Potential Problems with LPA’s

An LPA allows an individual a legal authority to manage the affairs of another person, normally a family member if they lack the capacity for themselves.

There are two types of LPA’s one for Health and Welfare, and one for Property and Financial Affairs.

When the LPA is signed, a certificate provider also needs to sign to confirm the person making the LPA (The Donor) understands the purpose of the LPA, there is no fraud or undue pressure, and there is nothing to prevent the LPA being created.

The certificate provider will be somebody who has known the donor personally for at least two years, or somebody with the relevant professional skills, such as a medical practitioner or a solicitor. If there is any doubt to the donor’s mental capacity, then the certificate provider should be a medical practitioner.

The donor will need to think carefully about the people who are appointed as attorneys, and how this will work in practice. If the donor wishes to appoint more than one attorney, for example two children, they have two options, the donor can either appoint jointly or separately, which means the attorney can be alone or together; jointly, which means all decisions need to be made together; or jointly in respect of some decisions, and joint and separately in respect of other decisions. The donor can also appoint a replacement attorney.

If the attorneys do not get on, this could cause practical problems. As the donors’ attorneys, however, you will need always to act in the donor’s best interests.

In certain circumstances family members may wish to object to the donor making the LPA.

In this situation the objector would need to do so, under either factual or prescribed grounds. For example, prescribed grounds include that the person making the objection believes that the donor did not have the capacity to make the LPA, or that the donor was pressurised to do so, or there was some kind of fraud.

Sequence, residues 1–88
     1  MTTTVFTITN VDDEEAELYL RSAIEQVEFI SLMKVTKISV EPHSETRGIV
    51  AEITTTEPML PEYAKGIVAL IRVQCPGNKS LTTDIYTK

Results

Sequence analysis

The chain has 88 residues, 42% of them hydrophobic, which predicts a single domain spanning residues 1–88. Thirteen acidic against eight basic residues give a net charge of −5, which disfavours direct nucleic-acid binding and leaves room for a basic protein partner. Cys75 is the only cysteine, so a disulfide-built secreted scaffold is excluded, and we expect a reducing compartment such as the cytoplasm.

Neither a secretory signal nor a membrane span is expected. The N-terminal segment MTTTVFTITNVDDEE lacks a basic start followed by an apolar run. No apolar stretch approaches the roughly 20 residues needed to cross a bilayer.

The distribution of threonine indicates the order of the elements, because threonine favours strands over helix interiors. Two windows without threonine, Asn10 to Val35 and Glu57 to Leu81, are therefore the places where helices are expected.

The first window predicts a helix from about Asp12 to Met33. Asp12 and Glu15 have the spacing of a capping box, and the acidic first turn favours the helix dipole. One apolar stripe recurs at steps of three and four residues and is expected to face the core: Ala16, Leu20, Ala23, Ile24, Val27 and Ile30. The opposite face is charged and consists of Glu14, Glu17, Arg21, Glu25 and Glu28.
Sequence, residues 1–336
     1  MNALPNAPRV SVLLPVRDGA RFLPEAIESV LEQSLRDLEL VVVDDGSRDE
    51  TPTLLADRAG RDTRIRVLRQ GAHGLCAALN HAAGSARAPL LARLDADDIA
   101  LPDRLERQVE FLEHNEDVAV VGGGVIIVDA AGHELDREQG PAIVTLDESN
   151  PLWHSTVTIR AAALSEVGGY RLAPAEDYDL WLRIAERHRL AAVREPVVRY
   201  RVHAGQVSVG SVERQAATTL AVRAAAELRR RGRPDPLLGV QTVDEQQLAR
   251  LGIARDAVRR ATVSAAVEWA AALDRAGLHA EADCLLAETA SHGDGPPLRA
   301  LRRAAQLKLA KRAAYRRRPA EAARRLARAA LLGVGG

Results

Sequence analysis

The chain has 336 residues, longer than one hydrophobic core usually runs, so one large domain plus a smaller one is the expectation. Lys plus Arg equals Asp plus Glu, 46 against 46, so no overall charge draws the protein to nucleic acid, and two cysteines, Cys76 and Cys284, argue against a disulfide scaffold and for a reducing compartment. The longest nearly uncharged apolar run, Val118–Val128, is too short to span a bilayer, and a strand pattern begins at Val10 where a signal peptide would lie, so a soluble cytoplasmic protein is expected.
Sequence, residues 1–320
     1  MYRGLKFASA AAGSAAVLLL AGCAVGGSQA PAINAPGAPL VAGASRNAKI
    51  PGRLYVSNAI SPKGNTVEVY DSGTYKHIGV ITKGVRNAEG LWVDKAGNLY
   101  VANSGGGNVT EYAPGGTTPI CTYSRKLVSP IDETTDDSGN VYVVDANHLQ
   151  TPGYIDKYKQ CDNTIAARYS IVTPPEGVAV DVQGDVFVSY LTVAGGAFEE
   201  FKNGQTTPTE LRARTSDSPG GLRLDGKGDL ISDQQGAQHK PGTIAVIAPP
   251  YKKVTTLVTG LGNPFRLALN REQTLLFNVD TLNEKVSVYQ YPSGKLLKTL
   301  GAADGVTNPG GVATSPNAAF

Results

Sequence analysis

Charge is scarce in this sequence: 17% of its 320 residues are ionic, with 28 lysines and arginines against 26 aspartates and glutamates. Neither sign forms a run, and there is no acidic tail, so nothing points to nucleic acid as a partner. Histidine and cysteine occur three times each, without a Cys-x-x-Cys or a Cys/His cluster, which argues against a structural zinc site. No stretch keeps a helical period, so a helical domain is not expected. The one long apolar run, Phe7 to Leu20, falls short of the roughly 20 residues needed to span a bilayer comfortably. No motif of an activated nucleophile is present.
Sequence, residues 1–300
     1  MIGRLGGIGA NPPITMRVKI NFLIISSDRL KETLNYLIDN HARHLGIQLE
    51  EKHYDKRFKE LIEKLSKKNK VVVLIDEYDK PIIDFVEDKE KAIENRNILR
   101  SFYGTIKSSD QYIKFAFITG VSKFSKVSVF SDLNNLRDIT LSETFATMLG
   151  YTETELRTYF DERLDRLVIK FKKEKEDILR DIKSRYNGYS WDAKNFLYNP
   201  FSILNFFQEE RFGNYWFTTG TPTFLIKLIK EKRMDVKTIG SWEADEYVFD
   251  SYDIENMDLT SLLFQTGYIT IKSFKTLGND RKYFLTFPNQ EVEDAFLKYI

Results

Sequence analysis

If the donor does not proceed with the LPA, and looses capacity, the only option is for an interested party to apply to the Court of Protection for a Deputyship order. In these cases the deputy appointed is usual a love one, or someone very close to the donor, but it can also be a professional such as a solicitor.

The application can be costly and time consuming, particularly in view of the current Court working practices with the Covid 19 regulations, which is slowing everything down considerable.

There are numerous forms that need to be completed, including a form to be completed by a medical practitioner, to confirm the donor is no longer capable of managing their own affairs.

The reality is that if the donor does loose capacity and has not made a power of attorney, somebody appointed by the Court will make these decisions. This is similar to the case in America, which may or may not have come to people’s attention known as ‘Spears’ case and in the US it is referred to a Conservatorship.

Deputy applications in England and Wales, Scotland and Northern Ireland have separate regimes for this situation.

The Deputy is monitored by the Court of Protection. They need to report to the Court at least once a year, and have an in-depth knowledge of the individual circumstances. The Court can visit the deputy at any time, and question them about their involvement. If someone regains capacity, the Deputyship Order will end.

Everybody in these circumstances should make Powers of Attorney, and if you require assistance please do not hesitate to contact us.